Empowerment

Op-Ed: Amanda Gorman Inspired the Country. It is Time to Listen to Young Women

In a backdrop of unprecedented challenge, fear, and animosity, here is a young woman who is willing to step into difficult truths and call on America to choose a compassionate way forward, her medium just happens to be poetry.

Poet Amanda Gorman recites a poem during President Joe Biden's inauguration on Wednesday, Jan. 20, 2021 in Washington, D.C. | Getty Images
Poet Amanda Gorman recites a poem during President Joe Biden's inauguration on Wednesday, Jan. 20, 2021 in Washington, D.C. | Getty Images

Amanda Gorman has continually captured our attention amidst an already momentous Inauguration day and again at Super Bowl LV as Americans gathered around their TVs to watch. Gorman's powerful words on Inauguration Day rose up to meet the moment in a way no one else did. What moved so many people wasn't her evocative poem or her talent alone, but this truly timely combination of message and messenger. What we all saw in Amanda as she spoke from that podium — what resonated and stirred up such overwhelming joy and admiration in so many — was leadership. While listening to her peformances, we should all consider how we can devote our time and money into creating places for young leaders to grow.

In a backdrop of unprecedented challenge, fear, and animosity, here is a young woman who is willing to step into difficult truths and call on America to choose a compassionate way forward, her medium just happens to be poetry.

What became so obvious on Inauguration Day was that our world needs more leaders like Amanda. The cultural work of reimagining leadership has already begun, thanks in large part to fearless youth advocates who've forced the world to pay attention. From Malala to Greta, the Parkland survivors to Little Miss Flint and Freedom March NYC, young people are formidable at mobilizing and directing sustained action on the issues they care about-which often happen to be the most urgent issues of our time.

Throughout 2020, we heard lots of calls to do things differently. An important place to start would be elevating youth leadership-especially from our most marginalized communities-and finding more ways to nurture leaders from a young age. We also know young women and girls are critical. New research has proven that girls in particular are incredibly effective in changing their parents' views on climate change. The good news is, there's no shortage of talented young women and girls, and we know what they need to expand their impact. Amanda's story is a perfect example.

I first met Amanda when she was 17. She'd been selected to join a vibrant network of young women from across the U.S dedicated to positively impact their communities for a leadership fellowship. At Vital Voices, we developed this program because we saw an urgent need to create a tailored space and community that invests in teenage activists, nonprofit founders and social entrepreneurs. These young women were already having a significant impact in their local communities, and we knew how to accelerate it further: sustained access to mentors, grants, skills training, and a global network. Over 11 years, our 300+ fellows have gone on to positively impact more than 202,885 people in 20 countries.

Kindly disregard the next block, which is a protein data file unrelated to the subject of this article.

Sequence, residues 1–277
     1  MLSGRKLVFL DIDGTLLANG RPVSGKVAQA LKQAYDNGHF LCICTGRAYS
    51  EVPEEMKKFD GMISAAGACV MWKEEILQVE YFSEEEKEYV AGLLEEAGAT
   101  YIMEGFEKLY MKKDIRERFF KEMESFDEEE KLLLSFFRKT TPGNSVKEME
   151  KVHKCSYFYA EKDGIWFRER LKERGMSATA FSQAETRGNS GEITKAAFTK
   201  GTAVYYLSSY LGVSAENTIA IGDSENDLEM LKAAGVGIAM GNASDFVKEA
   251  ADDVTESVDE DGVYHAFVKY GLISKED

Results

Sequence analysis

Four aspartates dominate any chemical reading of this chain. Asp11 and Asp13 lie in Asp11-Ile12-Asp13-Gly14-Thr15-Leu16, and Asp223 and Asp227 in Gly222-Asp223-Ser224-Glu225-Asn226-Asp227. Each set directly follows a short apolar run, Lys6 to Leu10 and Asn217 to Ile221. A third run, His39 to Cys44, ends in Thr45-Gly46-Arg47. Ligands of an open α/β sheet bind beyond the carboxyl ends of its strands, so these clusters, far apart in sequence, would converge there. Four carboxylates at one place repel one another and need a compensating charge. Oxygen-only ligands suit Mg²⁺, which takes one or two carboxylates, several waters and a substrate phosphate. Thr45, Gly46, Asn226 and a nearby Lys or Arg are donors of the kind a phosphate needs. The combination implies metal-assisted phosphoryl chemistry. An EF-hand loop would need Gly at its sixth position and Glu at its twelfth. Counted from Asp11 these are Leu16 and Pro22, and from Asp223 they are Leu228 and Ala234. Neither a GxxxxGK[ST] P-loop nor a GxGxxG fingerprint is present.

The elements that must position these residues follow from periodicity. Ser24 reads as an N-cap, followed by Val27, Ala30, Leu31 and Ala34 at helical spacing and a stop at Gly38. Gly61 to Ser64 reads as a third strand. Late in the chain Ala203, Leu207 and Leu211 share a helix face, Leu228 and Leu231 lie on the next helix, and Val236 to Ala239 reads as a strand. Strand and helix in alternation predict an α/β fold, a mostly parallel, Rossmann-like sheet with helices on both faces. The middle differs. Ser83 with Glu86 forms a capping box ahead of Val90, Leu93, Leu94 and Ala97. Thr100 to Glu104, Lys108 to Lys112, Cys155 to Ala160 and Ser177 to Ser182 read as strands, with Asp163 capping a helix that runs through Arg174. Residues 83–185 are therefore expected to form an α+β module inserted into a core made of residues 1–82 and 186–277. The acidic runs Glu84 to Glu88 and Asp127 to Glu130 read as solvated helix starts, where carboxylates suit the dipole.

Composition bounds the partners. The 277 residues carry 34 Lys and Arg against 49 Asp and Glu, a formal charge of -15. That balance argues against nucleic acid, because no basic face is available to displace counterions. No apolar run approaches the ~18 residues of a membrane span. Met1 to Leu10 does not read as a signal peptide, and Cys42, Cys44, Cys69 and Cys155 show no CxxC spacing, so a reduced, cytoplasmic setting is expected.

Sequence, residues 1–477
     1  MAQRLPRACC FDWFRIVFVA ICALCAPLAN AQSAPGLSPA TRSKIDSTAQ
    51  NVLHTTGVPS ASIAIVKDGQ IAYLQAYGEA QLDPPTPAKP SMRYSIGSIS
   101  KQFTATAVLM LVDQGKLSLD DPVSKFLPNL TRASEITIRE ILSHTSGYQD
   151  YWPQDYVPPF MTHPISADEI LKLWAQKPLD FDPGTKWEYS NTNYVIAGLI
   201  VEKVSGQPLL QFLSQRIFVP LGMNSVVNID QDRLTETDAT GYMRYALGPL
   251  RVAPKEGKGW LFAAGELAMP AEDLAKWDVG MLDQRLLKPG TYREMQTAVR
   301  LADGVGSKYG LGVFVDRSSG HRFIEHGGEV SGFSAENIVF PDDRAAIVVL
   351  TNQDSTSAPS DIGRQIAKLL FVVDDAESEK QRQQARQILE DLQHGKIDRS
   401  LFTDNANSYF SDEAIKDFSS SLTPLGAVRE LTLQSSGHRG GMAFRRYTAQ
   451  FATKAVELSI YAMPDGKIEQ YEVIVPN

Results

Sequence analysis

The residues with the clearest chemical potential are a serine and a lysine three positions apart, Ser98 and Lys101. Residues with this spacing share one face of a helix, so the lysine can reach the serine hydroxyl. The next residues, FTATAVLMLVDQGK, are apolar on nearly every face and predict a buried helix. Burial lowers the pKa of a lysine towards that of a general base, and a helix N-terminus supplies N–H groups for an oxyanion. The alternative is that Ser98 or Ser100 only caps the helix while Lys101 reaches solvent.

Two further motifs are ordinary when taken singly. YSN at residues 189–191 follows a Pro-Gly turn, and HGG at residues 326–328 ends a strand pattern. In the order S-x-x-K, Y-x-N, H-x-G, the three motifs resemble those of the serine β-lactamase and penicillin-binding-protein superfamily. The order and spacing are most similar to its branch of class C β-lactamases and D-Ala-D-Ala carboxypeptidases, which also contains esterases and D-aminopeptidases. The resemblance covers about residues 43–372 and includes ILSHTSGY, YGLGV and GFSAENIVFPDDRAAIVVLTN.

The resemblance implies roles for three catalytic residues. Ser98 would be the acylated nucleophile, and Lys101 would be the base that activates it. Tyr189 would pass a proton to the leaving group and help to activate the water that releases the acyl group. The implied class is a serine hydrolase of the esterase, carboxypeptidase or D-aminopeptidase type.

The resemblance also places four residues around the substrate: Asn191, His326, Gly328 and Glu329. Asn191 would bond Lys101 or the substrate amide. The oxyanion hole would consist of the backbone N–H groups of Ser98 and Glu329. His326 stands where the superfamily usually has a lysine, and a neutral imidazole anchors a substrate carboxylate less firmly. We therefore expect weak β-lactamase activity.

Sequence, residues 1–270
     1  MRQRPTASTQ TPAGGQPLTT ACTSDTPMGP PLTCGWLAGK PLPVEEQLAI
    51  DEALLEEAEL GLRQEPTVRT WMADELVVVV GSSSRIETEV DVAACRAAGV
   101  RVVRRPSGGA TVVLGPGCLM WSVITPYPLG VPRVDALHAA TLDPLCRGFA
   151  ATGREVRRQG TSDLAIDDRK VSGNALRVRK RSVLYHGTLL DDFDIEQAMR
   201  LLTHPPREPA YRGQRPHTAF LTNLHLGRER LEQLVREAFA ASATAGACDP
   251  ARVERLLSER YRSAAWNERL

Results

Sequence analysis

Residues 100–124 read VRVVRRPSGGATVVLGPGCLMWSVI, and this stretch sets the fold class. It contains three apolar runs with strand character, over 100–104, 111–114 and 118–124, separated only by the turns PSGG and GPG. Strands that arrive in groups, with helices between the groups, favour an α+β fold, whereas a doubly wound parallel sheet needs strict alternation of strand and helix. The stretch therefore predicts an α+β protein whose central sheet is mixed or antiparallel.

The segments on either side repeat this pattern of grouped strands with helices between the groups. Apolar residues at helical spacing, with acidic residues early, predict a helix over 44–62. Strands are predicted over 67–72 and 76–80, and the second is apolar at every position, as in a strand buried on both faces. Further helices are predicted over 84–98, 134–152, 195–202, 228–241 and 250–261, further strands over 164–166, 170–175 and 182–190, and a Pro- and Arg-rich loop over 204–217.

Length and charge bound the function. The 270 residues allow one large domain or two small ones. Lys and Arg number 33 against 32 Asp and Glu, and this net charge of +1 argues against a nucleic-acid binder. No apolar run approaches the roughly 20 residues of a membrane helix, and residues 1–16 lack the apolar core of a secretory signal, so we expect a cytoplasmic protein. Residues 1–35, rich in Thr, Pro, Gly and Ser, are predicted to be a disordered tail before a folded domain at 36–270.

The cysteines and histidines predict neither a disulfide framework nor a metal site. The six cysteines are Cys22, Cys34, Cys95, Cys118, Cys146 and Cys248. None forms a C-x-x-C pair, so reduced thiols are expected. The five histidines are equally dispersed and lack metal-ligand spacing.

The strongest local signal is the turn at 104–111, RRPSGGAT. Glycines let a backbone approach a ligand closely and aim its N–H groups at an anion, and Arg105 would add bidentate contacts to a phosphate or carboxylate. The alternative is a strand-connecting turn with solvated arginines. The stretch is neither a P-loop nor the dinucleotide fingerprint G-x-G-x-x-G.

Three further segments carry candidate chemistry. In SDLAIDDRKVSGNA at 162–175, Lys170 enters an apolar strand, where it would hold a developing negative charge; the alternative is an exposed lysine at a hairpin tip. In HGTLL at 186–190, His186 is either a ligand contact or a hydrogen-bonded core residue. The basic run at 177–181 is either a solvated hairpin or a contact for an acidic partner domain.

Through our work, Vital Voices has learned that what really makes a difference in these efforts is time. From our own research, conducted together with the Bill & Melinda Gates Foundation, we found that it took an average of 1.8 years of continuous support for women leaders in our network to make significant leaps forward. One-off trainings and grants simply don't cut it, and neither does a siloed approach. Leaders need an expansive, collaborative web of support-with it, they can achieve remarkable things.

Spurred on by her fellowship experience, Amanda established One Pen One Page, a storytellers collective. We pitched in with guidance and early funding, and connected her to a host of new allies. We've continually been awed by the incredible young women in this program. Alumnae like Chelsea Miller, who in addition to being a co-founder of Freedom March NYC, is an award-winning social entrepreneur who's tackling the intersectional leadership gap as founder of Women Everywhere Believe, Inc. Then there's Peyton Klein, who's Global Minds Initiative has already been adopted in dozens of schools, helping students combat cultural intolerance through youth-led education. I could recount literally hundreds more stories like these. They're proof of what's possible if we commit to nurturing youth leadership.

If we choose to, we can all take concrete steps to make way for many more Amandas, Chelseas, and Peytons. And I do mean all of us-no matter our sector, title or age, we're all needed to build out that web of support every young person deserves. We can make tools and information widely available. We can lend and share platforms to amplify young voices. We can nurture youth representation in all spaces where consequential decisions are being made.

Alyse Nelson is Co-Founder, President and CEO at Vital Voices Global Partnership, a nonprofit organization that invests in women leaders who are solving the world's greatest challenges, supporting them to scale and accelerate impact through long term investments to expand skills, connections, capacity and visibility. Over the last 24 years, Vital Voices has built a network of 18,000 change makers across 182 countries.

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